The former Sperryville Antique Market at 3 River Lane is home to several new businesses — one about to open, another already operating and a third heading into home stretch.
The historic building, which was built as an apple packing house and served as the county’s first farmers coop, is now called Rappahannock Central. The building has undergone a massive, year-long renovation by its current owner, local farmer and entrepreneur Jerome Niessen.
The River District Arts (RDA) collective (riverdistrictarts.org) is the first of several new enterprises to open. Artists and others are invited to an open house from 2 to 6 Saturday, Oct. 2, which will feature tours, an exhibit by area artist Matt Kleberg, refreshments and music by the Brazilian duo Beleza Brasil.
Here guests will find a modern new art collective offering individual studios for member artists, the Confluent Gallery of Art for exhibitions, plus classroom and work spaces.
RDA director Georgia Landman, herself a professional photographer, said the new collective’s goal is to offer local artists of every kind studios where they can work in an inspiring environment, create, promote and sell their art and host classes, workshops and projects.
“We also will host public exhibits in the Confluent Gallery of Art — of paintings, pottery, sculpture and myriad other forms — by noted professionals from nearby as well as elsewhere, and similar events to engage and involve the community in our artistic endeavors,” she said.
Niessen said the art studios and gallery feature “a hip and cool decor set against the rustic post-and-beam background of the old apple packing house.” The Dutch native added that the collective is modeled after Alexandria’s highly successful Torpedo Factory and will provide on-site staff for art sales.
Studios will be rented to individual artists or small groups for one year at a time, on the basis of work submitted to a jury, according to Landman, who said, “We have many artists interested in joining. Some are interested because they are looking for space, others are looking for more exposure of their art, and many are looking forward to being inspired by other artists and the interaction among artists and with the general public.”
The collective will not be merely a gallery, she said, since artists are expected to work on their art in the studios for a minimum number of hours per week. Seven regular (12-by-15-foot) and two large (24-by-15-foot) art studios are offered with windows (facing north) and doors opening into a main hall for artists and visitors.
Downstairs in the building, the Rappahannock Natural Foods Coop is up and running online (at www.rnf.coop). Niessen said the Coop includes a group of local farmers joining to offer a one-stop shop for consumers — in Rappahannock, neighboring communities and across the D.C. area — where people can buy all their local and natural food products. Its membership includes a number of long-time local farmers like Williams Orchards, the McNears’ Meadow Green Farms and El Rancho Grande (Michael Cannon and Ashleigh Cannon Sharp).
Niessen reports that the Coop is actively storing, selling and delivering its products — including meats, vegetables, fruit, cheese and other commodities — door-to-door to clients in Washington and surrounding communities. Plans call for a farm market upstairs for walk-in purchases as renovation nears completion in the building’s main hall. Niessen said that when complete, it should resemble “a cross between a European farmers market and the Eastern Market in D.C.”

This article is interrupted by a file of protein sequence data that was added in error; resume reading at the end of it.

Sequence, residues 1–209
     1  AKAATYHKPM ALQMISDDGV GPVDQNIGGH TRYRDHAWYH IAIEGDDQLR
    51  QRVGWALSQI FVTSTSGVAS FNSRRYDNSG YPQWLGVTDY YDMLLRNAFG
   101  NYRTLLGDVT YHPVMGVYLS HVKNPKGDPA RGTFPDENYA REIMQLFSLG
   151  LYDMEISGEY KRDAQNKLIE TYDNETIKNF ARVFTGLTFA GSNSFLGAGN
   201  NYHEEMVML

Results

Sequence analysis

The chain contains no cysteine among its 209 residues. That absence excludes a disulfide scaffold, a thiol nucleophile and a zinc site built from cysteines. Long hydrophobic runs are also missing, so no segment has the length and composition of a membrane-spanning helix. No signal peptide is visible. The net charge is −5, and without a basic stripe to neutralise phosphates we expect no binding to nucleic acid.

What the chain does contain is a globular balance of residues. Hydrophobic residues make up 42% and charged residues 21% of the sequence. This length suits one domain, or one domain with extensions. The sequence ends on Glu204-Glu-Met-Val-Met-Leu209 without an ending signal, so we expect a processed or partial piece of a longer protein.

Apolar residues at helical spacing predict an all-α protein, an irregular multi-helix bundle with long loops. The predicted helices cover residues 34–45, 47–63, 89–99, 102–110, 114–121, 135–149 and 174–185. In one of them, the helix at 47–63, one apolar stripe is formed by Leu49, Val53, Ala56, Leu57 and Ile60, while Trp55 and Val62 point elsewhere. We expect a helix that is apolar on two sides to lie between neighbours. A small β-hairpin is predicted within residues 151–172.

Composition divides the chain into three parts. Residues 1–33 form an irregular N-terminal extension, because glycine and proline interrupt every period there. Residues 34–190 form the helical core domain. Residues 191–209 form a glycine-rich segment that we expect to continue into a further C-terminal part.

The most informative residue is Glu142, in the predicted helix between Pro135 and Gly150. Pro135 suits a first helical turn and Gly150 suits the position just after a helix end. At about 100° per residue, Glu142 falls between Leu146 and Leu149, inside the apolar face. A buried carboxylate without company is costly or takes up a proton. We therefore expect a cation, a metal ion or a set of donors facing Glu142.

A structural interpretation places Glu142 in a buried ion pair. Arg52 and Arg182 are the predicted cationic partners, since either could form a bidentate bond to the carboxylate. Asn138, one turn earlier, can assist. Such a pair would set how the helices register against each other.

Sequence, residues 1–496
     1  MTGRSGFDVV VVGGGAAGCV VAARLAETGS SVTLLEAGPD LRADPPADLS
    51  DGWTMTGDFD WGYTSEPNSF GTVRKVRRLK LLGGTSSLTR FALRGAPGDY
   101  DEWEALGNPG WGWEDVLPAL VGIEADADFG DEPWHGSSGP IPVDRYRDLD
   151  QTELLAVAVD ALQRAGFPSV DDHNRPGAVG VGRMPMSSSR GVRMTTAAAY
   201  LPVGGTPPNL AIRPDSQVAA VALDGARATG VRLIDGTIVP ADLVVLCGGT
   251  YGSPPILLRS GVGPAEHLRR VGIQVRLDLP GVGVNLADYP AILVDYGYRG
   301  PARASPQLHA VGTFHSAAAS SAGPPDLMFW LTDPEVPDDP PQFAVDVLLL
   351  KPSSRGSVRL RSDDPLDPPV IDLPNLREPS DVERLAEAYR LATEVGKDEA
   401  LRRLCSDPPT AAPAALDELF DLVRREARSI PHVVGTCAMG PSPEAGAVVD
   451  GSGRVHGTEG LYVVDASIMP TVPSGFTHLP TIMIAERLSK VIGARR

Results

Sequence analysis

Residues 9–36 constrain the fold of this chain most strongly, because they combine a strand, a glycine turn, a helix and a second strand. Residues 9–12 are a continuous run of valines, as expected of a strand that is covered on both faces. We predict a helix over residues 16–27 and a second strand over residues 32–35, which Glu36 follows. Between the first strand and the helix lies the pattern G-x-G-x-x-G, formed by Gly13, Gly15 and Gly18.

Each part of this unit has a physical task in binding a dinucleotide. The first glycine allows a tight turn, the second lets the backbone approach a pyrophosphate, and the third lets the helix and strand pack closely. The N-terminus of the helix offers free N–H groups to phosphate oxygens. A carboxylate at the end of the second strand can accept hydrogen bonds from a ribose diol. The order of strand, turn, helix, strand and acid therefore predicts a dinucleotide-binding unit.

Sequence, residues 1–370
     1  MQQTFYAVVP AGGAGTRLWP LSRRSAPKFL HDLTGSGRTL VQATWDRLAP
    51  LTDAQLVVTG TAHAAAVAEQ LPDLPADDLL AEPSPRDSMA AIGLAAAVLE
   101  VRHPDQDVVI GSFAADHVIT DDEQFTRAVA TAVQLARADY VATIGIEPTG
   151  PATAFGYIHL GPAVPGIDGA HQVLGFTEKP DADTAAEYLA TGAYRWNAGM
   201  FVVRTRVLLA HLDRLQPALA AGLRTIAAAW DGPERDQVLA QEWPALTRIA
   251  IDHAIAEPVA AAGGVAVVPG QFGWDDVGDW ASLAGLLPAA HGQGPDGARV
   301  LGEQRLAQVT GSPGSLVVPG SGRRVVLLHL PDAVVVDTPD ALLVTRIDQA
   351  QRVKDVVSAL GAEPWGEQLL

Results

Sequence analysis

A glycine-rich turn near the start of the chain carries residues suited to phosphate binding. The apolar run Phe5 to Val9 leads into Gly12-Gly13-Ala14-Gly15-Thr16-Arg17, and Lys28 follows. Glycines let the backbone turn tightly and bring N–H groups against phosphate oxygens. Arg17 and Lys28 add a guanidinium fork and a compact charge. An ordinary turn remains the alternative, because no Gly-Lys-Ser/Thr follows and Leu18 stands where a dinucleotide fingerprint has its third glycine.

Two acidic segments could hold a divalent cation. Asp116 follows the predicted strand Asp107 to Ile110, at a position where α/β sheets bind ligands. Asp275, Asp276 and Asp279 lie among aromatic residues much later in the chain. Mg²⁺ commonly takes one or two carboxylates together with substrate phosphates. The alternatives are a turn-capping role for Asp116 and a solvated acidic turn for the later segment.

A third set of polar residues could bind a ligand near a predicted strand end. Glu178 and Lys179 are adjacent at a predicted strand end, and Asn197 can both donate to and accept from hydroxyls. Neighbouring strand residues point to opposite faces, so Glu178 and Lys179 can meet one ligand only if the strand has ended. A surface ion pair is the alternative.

“With low agricultural commodity prices,” he said, “family farmers realize they need to sell directly to consumers, but most of them do not have the time, expertise or facilities to set up Web sites, develop a marketing campaign or store and deliver farm products.
“Working together makes this a lot easier and enables us to develop the ‘Rappahannock’ brand,” he added. Niessen sees the Coop as an important land conservation tool since it is meant to help local farm families continue farming instead of being forced to sell the land.
Niessen wants RNF to complement and not compete with existing local groceries, such as the Sperryville Corner store, and serve as a destination for visitors and tourists to sample and buy locally-raised farm goods.
His friend, Rob Landman, plans to open the building’s third attraction. The Grand Cafe Indigo and bakery will offer daily breakfast, lunch and dinner menus in a relaxed, welcoming setting designed to open out onto the front porch — weather permitting. Free Internet access is also part of the menu.
Landman said he planned the new cafe to resemble the ubiquitous, much-appreciated bakery cafes in Europe that attract local visitors throughout the day and evening. Landman and Niessen also plan to open a wine tasting room and wine shop, promoting wines from Virginia.
A recent walking tour of Rappahannock Central with Niessen and the Landmans demonstrated the progress that has been made. The lengthy and complex renovation of the barn-like old structure was necessary to improve safety and bring the building up to modern building code. It has brought with it the latest in high-tech equipment, new electric and plumbing systems; accessible stairs and walkways; large food storage and delivery facilities down below and such amenities as spacious, tiled restrooms for visitors.
An early tenant of Rappahannock Central is Melissa Harris’ Flavor magazine, which “is a nice complement to the attractions Rappahannock Central is offering,” Niessen said.
Last but not least, tucked away between the magazine offices and the Rappahannock Central office, is an amazing, modest-sized high-tech conference room. Soon to be offered for rent, it will accommodate meetings, teleconferencing and telecommuting — all likely to be popular with commuting local business types who would rather work at home instead of traveling to a city office.